In an address to oysters, the Walrus in Lewis Carroll’s ‘The Walrus and the Carpenter’ proclaims:
The time has come, [the Walrus said],
To talk of many things:
Of shoes — and ships — and sealing-wax —
Of cabbages — and kings —
And why the sea is boiling hot —
And whether pigs have wings.
I’m not sure where the Walrus was going with this but what is clear is that wherever he was headed, action was needed on a broad front. Discussing cabbages alone simply would not do.
The same is true of evidence-based medicine. While it is hard to argue with the basic fact that all healthcare decisions would do well to be informed by some research evidence, there are growing rumblings of discontent about EBM, and sometimes hostility. Why?
I’m not a health professional, I’m a trial methodologist. I don’t have to make daily use of evidence for healthcare decisions, except my own and those of anyone else who invites me into their decision. But it seems to me that the world of healthcare evidence is both overwhelming and underwhelming. Anyone who cares to look will find a lot of evidence out there, some of it packaged into systematic reviews or guidelines, some of it standing alone hoping someone will notice. This is the overwhelming part: if I’m travelling hand-luggage only I pause before printing out most Cochrane systematic reviews. Some guidelines need GPS to navigate them.
The underwhelming part comes when you take a closer look, especially when you look at the trials that form the heart of much of the evidence we hope will inform treatment decisions. To cut to the chase, many trials are poorly informed by earlier research, poorly designed, badly executed, reported opaquely and of little relevance to the people whose decisions they were supposed to be supporting. In other words they are rubbish. I helped write a summary a year or so ago for a systematic review that asked a question about which of two types of catheters was least likely to lead to infection1. After looking at 42 trials involving over 4500 people the reviewers concluded that they hadn’t a scooby which is best, if you’ll forgive the slip into Scottish technical jargon. A wonderful but sad piece of work by Céline Habre and colleagues2 updated another systematic review and concluded that two-thirds of the 136 trials done over the 10-year period since the previous version were clinically irrelevant. Two-thirds, wow.
Research evidence should have a role in healthcare decisions; it will rarely be the only thing to consider and it might be ignored. The point is that it should be on the table. No serious person wants evidence-free healthcare. But the role of evidence in healthcare needs help.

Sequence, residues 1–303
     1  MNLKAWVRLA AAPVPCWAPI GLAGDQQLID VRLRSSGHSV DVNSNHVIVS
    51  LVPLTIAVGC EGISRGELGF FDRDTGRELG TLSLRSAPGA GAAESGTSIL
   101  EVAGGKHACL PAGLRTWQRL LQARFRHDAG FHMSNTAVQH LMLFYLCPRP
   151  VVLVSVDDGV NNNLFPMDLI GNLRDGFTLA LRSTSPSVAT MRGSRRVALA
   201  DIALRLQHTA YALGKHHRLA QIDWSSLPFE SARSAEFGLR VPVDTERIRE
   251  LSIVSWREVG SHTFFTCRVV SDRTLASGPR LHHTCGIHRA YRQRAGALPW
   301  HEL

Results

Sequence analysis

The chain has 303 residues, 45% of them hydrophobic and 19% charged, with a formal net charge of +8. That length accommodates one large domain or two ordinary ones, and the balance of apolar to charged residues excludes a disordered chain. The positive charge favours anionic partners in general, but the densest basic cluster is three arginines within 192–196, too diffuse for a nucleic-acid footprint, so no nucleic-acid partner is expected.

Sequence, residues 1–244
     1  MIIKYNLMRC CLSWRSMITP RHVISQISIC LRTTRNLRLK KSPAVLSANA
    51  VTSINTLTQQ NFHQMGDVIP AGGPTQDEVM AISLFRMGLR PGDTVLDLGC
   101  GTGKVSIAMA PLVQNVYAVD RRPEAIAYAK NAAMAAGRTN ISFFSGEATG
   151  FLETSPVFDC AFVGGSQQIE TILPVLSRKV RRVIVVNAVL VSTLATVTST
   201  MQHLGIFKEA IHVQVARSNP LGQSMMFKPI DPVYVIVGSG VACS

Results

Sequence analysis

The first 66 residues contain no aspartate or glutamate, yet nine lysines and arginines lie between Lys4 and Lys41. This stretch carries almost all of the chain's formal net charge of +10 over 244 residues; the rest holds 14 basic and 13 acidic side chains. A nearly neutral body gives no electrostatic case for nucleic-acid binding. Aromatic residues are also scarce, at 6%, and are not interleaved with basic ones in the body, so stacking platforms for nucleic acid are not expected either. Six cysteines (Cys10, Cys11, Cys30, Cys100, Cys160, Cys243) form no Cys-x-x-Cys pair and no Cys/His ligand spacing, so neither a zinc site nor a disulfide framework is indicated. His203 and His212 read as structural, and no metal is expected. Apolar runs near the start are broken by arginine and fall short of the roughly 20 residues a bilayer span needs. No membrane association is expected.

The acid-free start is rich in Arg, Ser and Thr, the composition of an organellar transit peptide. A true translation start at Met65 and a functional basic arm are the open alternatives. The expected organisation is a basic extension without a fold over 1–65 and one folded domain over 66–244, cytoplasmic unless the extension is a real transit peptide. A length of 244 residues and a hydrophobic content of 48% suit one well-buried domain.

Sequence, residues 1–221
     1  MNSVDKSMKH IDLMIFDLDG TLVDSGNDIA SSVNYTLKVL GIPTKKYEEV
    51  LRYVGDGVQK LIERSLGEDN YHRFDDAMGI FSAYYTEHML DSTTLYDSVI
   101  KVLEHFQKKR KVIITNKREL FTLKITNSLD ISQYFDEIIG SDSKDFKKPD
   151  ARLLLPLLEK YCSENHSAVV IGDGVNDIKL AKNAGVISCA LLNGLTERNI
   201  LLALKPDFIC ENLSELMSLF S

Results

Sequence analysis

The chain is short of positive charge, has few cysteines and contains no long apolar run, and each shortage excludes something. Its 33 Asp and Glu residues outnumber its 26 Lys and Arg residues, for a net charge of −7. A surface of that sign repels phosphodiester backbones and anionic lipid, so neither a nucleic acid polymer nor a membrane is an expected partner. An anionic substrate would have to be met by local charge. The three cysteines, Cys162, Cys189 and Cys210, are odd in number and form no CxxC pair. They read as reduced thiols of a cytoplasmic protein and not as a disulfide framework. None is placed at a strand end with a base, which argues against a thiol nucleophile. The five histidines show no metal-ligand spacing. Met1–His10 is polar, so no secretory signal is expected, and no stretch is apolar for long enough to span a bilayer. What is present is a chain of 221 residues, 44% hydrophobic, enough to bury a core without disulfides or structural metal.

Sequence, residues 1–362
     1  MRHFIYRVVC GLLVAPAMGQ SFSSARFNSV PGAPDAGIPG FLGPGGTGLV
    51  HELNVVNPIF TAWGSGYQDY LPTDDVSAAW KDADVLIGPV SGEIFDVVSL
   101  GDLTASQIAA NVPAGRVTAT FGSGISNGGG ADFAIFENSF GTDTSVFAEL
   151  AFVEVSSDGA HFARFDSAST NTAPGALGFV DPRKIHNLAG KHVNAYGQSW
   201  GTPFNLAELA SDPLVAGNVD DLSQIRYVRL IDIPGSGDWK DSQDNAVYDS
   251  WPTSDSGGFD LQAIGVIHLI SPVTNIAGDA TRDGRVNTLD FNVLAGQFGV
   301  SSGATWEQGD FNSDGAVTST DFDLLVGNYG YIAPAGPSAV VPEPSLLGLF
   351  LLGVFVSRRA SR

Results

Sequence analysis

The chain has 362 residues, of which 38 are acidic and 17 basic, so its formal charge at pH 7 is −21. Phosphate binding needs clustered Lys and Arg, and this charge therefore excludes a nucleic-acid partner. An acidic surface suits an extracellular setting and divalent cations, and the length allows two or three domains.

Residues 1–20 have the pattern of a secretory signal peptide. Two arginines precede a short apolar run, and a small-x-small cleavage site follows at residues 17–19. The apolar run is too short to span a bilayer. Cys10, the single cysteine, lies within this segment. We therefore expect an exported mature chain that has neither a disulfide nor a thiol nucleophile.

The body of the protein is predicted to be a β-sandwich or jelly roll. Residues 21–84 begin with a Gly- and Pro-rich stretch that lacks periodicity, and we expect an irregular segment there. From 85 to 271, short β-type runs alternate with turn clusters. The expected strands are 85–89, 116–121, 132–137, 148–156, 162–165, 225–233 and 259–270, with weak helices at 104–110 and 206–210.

Like the Walrus, the authors of the Better Evidence for Better Healthcare Manifesto suggest work is needed on many fronts. They want work on greater roles for patients in research design, better research methods, better reporting, more informative systematic reviews, better use of evidence in policy, reductions in unnecessary medicalisation and improvements in the ability of health professionals to recognise poor quality evidence to mention but some. I like it.
But for my part, the area we really need to work on is how we do research: we should do more research on research. In my world of trials, it is astonishing how little attention is often paid to existing research when designing a trial, how little evidence we have to support our own decisions about design, conduct and reporting and how little thought we sometimes give to what the intended users of our trials actually need from them.
Manifestos should be a spur to action, although what they lead to may not always be what was envisaged when they were written, and manifesto promises do have a habit of quietly disappearing. Sometimes it’s hard to deal with sealing-wax and shoes when there are also boiling seas to deal with. But if I was forced to choose my king over a cabbage, I’d choose to take aim at improving the way we design research, especially trials. The Walrus would be pleased I’m sure, whatever he was talking about.
Shaun Treweek is Professor of Health Services Research, University of Aberdeen. He is working on initiatives to improve the efficiency of trials, particularly Trial Forge and is active in pragmatic trial design, the design and pre-trial testing of complex interventions and interventions to improve recruitment to trials.
This blog is also posted on the BMJ Opinion.